John Mincy v. Kent Brandenburg on Repentance

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Aaron Blumer's picture

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I had some thoughts on Mincy's post I wanted to write about as well. Didn't get to it because I'm not done studying it. He cites some passages I want to delve deeper into.

But my initial reaction was that when Jesus preached repentance and the apostles preached repentance, they didn't seem overly concerned that people understand them in a very narrow sense. A disgust and grief toward sin in general or even particular sins--either one or both--is quite harmonious with believing the gospel and turning to Christ.

Views expressed are always my own and not my employer's, my church's, my family's, my neighbors', or my pets'. The house plants have authorized me to speak for them, however, and they always agree with me.

DavidO's picture

http://kentbrandenburg.blogspot.com/2015/10/the-gospel-and-separation-wh...

 

Excerpt:

If the gospel is . . . "the boundary of Christian fellowship," then how does this difference on repentance relate to that boundary.  Men should at least know why the difference on repentance doesn't qualify as a separating issue, even though it is about the gospel.  I haven't heard why not -- ever.  It begs the question, "How much corruption of the gospel merits separation like the Apostle Paul talked about?"

I'd love to hear someone answer that.  

Aaron Blumer's picture

EditorAdmin

DavidO wrote:

Excerpt:

If the gospel is . . . "the boundary of Christian fellowship," then how does this difference on repentance relate to that boundary.  Men should at least know why the difference on repentance doesn't qualify as a separating issue, even though it is about the gospel.  I haven't heard why not -- ever.  It begs the question, "How much corruption of the gospel merits separation like the Apostle Paul talked about?"

I'd love to hear someone answer that.  

I don't think the definition of repentance has been regarded as part of the gospel, any more than the definition of which works are "good works" (Eph. 2:10) has been. Both the repentance aspect of conversion and the good works aspect of the gospel's purpose are connected to the gospel but a step out from the core. For what it's worth, I've been hearing contradictory notions about repentance from pulpits all my life... but nobody was advocating separation over the disagreements.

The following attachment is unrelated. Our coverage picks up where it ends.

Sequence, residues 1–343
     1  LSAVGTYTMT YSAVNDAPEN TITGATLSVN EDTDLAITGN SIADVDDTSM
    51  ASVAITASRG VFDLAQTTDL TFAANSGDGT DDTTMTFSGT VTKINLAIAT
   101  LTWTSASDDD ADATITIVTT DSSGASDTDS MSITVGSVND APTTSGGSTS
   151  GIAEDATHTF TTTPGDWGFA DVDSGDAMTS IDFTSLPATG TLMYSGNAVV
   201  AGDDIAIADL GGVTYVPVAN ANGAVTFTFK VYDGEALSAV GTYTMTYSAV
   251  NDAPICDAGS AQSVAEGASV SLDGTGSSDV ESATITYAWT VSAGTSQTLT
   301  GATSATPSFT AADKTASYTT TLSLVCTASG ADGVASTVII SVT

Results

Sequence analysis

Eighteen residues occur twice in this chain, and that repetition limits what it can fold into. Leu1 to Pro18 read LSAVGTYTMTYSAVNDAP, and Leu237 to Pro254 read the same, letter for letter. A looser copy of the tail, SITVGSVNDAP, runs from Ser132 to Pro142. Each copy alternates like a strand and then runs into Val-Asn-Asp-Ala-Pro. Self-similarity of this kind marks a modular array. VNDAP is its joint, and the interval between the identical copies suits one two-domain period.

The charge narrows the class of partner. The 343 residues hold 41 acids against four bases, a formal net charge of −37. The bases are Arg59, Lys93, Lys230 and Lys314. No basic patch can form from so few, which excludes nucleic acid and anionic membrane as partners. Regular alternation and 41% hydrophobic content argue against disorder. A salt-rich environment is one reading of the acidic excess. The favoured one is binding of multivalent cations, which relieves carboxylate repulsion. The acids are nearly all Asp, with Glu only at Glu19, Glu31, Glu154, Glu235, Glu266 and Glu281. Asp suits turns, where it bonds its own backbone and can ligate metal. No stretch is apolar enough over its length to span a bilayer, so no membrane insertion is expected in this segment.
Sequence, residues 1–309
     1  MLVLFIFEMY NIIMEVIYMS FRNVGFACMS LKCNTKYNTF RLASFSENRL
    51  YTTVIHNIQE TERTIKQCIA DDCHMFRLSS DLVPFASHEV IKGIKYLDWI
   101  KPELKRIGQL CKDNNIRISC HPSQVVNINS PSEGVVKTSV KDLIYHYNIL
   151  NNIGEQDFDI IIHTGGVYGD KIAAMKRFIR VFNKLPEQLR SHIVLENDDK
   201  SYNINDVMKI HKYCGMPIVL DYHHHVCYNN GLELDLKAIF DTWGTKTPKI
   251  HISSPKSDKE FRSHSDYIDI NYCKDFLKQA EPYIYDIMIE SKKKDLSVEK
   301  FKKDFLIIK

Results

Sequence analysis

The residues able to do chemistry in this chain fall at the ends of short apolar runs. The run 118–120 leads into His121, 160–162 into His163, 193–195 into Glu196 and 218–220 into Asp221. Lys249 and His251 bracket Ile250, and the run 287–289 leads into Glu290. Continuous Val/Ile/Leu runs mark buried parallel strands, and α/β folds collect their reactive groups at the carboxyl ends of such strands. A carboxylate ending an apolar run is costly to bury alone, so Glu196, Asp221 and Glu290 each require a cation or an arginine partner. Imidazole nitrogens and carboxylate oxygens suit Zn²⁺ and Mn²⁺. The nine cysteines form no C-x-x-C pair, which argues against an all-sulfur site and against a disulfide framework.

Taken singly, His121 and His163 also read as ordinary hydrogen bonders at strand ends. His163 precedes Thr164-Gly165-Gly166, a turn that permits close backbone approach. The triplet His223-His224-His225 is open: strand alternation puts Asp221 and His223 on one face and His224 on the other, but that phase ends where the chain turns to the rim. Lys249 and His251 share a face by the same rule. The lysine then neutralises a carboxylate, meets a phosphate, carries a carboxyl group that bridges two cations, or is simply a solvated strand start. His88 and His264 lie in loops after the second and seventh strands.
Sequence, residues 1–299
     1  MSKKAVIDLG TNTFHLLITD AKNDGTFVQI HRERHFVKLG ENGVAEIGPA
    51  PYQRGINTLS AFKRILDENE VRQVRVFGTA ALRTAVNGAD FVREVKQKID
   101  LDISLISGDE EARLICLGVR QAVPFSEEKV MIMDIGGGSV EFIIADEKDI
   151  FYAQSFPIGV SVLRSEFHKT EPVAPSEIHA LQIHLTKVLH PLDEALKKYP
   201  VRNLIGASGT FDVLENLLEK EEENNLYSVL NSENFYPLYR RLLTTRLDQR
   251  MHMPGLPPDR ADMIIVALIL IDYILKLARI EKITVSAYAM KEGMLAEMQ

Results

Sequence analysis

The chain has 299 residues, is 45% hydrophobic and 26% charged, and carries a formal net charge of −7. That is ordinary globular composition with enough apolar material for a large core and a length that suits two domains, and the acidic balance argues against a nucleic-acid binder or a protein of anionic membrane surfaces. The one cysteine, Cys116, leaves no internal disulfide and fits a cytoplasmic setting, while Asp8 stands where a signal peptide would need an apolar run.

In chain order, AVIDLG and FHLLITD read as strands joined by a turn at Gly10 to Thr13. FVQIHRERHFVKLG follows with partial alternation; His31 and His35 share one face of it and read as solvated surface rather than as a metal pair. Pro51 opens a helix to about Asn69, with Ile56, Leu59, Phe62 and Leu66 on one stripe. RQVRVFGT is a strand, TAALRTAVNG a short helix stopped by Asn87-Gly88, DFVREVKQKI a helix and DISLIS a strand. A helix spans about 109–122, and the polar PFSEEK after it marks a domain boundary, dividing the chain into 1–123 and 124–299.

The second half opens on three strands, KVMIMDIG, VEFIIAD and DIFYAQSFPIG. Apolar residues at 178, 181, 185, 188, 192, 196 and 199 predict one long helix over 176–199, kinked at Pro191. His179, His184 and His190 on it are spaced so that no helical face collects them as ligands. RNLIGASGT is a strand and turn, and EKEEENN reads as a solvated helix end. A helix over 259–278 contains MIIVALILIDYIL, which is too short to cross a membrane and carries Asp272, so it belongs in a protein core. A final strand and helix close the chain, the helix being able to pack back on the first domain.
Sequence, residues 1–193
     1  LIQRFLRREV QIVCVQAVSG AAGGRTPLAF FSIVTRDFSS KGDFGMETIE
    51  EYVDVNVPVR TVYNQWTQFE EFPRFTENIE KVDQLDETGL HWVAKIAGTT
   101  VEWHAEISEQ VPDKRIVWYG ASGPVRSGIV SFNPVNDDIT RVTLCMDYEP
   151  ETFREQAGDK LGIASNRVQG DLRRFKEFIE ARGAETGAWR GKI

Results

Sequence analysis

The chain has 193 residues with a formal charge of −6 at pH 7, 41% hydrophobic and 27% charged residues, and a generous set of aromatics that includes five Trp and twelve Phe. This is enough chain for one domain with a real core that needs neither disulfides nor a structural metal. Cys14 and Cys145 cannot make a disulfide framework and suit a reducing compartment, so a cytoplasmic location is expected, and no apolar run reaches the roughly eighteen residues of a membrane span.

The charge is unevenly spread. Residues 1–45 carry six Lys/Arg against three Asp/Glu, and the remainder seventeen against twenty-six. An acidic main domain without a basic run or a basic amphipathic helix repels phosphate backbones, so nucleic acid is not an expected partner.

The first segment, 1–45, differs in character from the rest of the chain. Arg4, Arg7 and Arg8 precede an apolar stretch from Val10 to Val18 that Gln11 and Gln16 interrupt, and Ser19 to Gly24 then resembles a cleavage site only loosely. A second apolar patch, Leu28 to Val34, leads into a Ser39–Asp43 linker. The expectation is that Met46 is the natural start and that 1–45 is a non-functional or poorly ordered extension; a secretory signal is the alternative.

Those who want to separate over every point of disagreement... Well, I hope they enjoy their lonely little world.But what to do when you disagree with yourself (which is what happens when you can't decide which view is correct on a question)? Time to organize "Independent Baptists for Self-Separation"?

Views expressed are always my own and not my employer's, my church's, my family's, my neighbors', or my pets'. The house plants have authorized me to speak for them, however, and they always agree with me.

GregH's picture

Aaron Blumer wrote:

But what to do when you disagree with yourself (which is what happens when you can't decide which view is correct on a question)? Time to organize "Independent Baptists for Self-Separation"?

In regards to the people being discussed here, I am not sure this is a relevant question. Those people know everything and they know it dogmatically. Just ask them.

DavidO's picture

Aaron Blumer wrote:

I don't think the definition of repentance has been regarded as part of the gospel

I don't really think you're saying that as long as one uses the word "repentence" and means . . . something by it then the gospel one preaches is that of Jesus and the Apostles.  

How can one repent if one doesn't know what the word means?  Actually, there's a solid theological answer to that, but I'll sidestep it to make the point.  I just think that one must generally understand what repenting is and the need for it and then do it in order to be saved.  

 

Aaron Blumer's picture

EditorAdmin

There have been varieties of nuance in people's views of that for a long, long time. I wouldn't be surprised if the first century audience didn't all take it exactly the same way either.

Fortunately, there is built in redundancy in the gospel itself. Even those who deny that repentance is required at all (which amazes me), end up indirectly affirming it by their declaration of the gospel itself. Any genuinely believing response to the following ideas necessarily incorporates repentance.

  1. we're all sinners
  2. we deserve the wrath of a holy God,
  3. our only escape is to accept His own provision for our redemption, and
  4. we can contribute nothing to making things right that God.... everything we do being useless or worse

Although I like to refer to repentance by name, anyone who teaches the above is asking for repentance whether they admit it or not... and the person who truly comes to believe these things accepts what God has provided has repented.

I often use the phrase "repentant faith" because there really is no way to have one without the other.

Views expressed are always my own and not my employer's, my church's, my family's, my neighbors', or my pets'. The house plants have authorized me to speak for them, however, and they always agree with me.